- The National Wages Council (“NWC”) convened in March 2020 to formulate wage guidelines for the period from 1 April 2020 to 30 June 2021. These 2020/2021 Guidelines will supersede the 2019/2020 Guidelines with effect from 1 April 2020.
An Unprecedented Crisis
- The ongoing COVID-19 pandemic presents significant challenges to the global economy. The outbreak has now spread beyond China to other major economies such as the US and Europe, and the public health measures taken to contain the outbreak are causing widespread economic disruptions. In Singapore, the outbreak has severely affected our economy. The sharp fall in international travel and tourist arrivals has badly hit our air transport and tourism sectors. Other consumer-facing sectors such as food services and retail trade have also been adversely affected by the decline in tourist arrivals as well as the cutback in domestic consumption. At the same time, outward-oriented sectors such as manufacturing and wholesale trade face a sharp fall in external demand as the outbreak takes a toll on the global economy.
- Based on the Ministry of Trade and Industry’s (“MTI”) advance estimates for the first quarter of 2020, the Singapore economy contracted by 2.2% on a year-on-year basis and 10.6% on a quarter-on-quarter seasonally-adjusted annualised basis. Taking into account the challenging external and domestic situation, MTI has further downgraded Singapore’s GDP growth forecast for 2020 from “-0.5% to 1.5%” to “-4.0% to -1.0%”.
- The Government has dedicated close to $55 billion to respond to COVID-19, amounting to 11% of our GDP. This includes the $48 billion Resilience Budget and the $6.4 billion in the Unity Budget committed towards the Stabilisation and Support Package (“SSP”), the Care and Support Package, and to support our frontline agencies.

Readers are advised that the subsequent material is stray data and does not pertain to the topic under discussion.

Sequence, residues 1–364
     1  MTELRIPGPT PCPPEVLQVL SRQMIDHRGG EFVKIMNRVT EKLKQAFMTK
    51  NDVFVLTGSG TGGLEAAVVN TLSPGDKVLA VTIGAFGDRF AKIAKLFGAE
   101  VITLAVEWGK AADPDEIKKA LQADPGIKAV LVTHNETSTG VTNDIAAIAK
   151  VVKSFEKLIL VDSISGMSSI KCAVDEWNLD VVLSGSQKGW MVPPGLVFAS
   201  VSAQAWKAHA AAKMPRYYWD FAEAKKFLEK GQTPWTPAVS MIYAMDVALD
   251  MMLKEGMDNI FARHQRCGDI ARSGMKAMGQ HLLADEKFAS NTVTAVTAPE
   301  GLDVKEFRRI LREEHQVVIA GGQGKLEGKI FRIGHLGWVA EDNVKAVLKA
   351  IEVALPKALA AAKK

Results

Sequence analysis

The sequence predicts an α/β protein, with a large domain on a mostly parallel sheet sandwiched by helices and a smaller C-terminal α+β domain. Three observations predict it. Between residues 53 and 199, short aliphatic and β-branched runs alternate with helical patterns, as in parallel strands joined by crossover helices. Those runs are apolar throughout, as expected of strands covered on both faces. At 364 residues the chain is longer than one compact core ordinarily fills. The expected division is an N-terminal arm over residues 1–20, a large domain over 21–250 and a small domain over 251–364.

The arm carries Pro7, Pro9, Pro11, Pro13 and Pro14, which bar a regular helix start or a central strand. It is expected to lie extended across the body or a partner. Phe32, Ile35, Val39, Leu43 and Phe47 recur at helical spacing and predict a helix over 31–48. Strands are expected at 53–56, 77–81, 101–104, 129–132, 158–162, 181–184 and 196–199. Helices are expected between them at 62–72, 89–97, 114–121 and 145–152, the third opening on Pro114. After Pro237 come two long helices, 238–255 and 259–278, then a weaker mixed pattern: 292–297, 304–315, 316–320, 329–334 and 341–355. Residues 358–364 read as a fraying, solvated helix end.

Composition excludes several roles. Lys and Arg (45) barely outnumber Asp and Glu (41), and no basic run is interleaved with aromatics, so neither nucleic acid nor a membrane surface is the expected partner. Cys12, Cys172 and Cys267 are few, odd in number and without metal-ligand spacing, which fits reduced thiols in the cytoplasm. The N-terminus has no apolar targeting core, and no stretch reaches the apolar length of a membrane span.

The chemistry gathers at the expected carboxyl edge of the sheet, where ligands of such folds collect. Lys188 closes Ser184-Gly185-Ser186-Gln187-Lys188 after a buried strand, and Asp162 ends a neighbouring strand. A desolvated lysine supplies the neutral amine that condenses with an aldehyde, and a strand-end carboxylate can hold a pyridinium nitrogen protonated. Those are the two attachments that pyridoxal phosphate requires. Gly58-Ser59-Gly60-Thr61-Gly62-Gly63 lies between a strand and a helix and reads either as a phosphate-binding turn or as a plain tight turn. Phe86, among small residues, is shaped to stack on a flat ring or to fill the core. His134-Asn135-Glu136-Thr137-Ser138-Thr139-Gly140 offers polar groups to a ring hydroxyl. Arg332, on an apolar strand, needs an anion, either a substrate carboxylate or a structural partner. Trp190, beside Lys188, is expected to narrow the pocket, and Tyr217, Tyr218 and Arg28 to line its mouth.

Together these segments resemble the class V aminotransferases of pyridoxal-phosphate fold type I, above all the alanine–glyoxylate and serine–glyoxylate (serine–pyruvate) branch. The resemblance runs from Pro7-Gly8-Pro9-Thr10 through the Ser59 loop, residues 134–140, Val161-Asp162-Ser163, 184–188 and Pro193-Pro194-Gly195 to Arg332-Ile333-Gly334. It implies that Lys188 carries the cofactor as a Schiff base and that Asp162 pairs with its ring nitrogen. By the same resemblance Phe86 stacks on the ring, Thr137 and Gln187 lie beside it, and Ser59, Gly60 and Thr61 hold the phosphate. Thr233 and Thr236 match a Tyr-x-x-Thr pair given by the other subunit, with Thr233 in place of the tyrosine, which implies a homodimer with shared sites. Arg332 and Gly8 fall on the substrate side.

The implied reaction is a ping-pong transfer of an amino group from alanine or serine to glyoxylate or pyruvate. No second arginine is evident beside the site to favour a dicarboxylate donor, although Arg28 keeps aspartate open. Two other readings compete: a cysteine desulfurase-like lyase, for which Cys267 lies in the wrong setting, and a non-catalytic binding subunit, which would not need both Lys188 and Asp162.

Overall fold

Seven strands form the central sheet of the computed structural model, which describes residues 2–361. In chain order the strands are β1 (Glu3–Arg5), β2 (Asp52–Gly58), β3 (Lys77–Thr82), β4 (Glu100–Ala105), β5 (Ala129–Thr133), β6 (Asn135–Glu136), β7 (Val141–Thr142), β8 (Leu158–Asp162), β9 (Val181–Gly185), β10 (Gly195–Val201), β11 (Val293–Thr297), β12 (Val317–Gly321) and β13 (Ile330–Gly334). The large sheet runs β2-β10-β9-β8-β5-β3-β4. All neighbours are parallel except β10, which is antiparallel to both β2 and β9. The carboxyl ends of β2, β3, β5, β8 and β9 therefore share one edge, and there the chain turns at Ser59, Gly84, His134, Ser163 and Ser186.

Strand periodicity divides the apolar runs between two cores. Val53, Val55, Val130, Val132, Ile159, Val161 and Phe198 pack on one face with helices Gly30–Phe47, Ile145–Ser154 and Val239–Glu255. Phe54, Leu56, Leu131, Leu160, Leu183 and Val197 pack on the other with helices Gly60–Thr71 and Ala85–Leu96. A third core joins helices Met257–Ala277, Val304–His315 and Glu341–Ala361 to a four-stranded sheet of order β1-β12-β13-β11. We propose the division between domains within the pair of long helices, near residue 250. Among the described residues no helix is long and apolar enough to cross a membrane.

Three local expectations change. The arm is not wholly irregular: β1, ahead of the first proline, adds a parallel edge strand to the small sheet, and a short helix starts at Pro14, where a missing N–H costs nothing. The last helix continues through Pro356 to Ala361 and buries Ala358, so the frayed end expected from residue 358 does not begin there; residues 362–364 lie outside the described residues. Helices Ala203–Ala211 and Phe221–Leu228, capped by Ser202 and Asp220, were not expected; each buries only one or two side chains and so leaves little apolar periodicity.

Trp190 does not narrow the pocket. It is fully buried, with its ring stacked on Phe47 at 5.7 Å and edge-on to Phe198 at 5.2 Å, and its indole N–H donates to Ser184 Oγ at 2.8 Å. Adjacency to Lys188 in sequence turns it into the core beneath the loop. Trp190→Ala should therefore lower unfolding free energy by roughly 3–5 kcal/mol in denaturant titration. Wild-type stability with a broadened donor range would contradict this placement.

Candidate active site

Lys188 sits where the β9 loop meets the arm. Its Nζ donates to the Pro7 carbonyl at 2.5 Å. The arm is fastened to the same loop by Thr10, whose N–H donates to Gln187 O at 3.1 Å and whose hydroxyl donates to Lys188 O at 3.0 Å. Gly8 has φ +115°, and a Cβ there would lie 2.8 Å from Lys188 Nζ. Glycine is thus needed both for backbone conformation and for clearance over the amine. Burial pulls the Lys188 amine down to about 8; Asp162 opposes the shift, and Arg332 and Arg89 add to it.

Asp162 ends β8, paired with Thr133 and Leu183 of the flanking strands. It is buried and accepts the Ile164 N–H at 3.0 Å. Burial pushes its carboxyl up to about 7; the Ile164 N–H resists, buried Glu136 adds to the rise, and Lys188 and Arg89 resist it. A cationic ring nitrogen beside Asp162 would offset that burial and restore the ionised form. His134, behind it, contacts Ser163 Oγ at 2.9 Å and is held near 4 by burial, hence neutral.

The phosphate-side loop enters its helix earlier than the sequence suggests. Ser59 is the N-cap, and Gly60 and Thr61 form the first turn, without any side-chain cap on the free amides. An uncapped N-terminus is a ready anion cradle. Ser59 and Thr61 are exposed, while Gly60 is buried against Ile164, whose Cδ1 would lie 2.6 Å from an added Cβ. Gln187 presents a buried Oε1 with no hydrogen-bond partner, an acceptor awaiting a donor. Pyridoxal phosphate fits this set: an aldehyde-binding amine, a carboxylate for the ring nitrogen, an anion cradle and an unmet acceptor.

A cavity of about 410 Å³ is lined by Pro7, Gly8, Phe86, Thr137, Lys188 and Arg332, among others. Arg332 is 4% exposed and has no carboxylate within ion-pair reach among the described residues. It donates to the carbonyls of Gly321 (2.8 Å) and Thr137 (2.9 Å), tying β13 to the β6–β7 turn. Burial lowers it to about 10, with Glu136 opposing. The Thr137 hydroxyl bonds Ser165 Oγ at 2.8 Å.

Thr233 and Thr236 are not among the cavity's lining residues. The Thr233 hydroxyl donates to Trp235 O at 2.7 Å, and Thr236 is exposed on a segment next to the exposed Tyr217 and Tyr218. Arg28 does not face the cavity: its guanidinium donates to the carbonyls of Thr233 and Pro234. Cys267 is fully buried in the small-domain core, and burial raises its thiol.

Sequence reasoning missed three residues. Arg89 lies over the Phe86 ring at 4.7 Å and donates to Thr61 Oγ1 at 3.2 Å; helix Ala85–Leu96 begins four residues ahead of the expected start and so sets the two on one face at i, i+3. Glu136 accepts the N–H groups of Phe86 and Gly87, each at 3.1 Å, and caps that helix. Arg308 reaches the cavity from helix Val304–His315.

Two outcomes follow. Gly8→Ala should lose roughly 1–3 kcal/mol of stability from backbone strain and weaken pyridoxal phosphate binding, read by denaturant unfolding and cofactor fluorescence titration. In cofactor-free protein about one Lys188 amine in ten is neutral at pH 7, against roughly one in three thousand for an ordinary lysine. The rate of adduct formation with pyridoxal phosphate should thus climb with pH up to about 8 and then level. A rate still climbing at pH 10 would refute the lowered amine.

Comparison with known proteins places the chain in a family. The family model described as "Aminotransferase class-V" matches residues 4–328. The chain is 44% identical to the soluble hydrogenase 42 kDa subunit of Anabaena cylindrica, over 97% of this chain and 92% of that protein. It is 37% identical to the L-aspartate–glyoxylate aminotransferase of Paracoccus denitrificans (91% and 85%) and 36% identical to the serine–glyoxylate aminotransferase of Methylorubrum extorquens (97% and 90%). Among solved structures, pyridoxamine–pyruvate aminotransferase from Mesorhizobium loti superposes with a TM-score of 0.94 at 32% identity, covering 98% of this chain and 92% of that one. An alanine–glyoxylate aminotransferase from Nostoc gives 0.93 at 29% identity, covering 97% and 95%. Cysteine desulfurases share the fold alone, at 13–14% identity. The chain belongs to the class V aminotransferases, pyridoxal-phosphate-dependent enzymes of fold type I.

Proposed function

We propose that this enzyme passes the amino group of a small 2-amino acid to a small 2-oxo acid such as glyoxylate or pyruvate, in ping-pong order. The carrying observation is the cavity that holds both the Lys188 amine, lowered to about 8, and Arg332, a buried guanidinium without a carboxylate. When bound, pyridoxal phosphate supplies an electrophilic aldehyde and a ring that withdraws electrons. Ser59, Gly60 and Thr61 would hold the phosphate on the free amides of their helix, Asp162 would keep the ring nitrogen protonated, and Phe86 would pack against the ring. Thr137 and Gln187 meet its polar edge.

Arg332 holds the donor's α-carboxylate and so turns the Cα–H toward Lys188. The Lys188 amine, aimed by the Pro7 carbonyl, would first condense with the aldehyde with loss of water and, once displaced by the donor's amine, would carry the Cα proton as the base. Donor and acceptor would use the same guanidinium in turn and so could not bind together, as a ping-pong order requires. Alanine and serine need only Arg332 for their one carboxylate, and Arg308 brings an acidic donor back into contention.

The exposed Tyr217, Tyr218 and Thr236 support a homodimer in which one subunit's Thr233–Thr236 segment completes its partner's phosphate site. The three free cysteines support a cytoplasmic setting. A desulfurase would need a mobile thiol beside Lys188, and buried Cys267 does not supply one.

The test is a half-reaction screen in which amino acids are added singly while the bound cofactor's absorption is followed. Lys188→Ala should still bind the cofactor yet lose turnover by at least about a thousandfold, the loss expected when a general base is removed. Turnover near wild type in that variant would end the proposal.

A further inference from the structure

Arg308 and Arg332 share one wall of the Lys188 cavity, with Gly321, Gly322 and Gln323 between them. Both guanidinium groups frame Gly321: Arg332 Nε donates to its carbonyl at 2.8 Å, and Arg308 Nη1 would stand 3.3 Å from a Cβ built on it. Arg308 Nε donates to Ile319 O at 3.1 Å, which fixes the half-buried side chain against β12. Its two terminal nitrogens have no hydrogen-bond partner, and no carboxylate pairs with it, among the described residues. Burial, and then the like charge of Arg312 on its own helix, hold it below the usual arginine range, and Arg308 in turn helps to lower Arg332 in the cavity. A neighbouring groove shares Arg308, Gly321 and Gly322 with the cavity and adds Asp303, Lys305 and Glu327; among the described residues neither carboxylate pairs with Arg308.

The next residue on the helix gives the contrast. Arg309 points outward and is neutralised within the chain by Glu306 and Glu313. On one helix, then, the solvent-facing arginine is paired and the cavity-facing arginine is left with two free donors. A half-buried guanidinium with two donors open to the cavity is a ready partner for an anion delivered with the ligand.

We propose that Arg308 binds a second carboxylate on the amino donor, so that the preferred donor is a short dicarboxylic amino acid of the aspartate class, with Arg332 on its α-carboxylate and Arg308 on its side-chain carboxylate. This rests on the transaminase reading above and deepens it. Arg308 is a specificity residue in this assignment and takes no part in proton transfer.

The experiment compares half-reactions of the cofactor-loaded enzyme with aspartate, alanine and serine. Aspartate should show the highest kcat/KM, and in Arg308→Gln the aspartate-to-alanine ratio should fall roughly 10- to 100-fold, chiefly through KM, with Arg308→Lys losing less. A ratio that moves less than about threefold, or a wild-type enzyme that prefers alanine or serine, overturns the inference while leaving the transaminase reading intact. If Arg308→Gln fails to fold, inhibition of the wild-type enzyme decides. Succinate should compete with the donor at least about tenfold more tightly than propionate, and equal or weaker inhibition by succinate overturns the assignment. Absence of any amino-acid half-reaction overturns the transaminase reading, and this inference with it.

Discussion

Staying United to Respond to COVID-19
- The NWC calls on employers, unions & workers, and the Government to stay united and work together, to mitigate the impact of COVID-19 and position Singapore for eventual recovery. To sustain businesses and save jobs, employers should consider the following (in order of priority):
a. First, reduce non-wage costs, and consider various measures to utilise and manage excess manpower.
b. Second, tap on Government support to offset business and wage costs, and press on with business and workforce transformation.
c. Third, trim wage costs.
d. Fourth, if it is necessary to retrench workers as a last resort, ensure it is done in a responsible manner.
Reducing Non-Wage Costs and Managing Excess Manpower
- The NWC notes that the Tripartite Advisory on Managing Excess Manpower and Responsible Retrenchments (“the Tripartite Advisory”) was updated in March 2020. The NWC reaffirms the approach of having employers recognise the need to take a long-term view of their manpower needs, including the need to maintain a strong Singaporean core, notwithstanding the economic uncertainty brought on by COVID-19.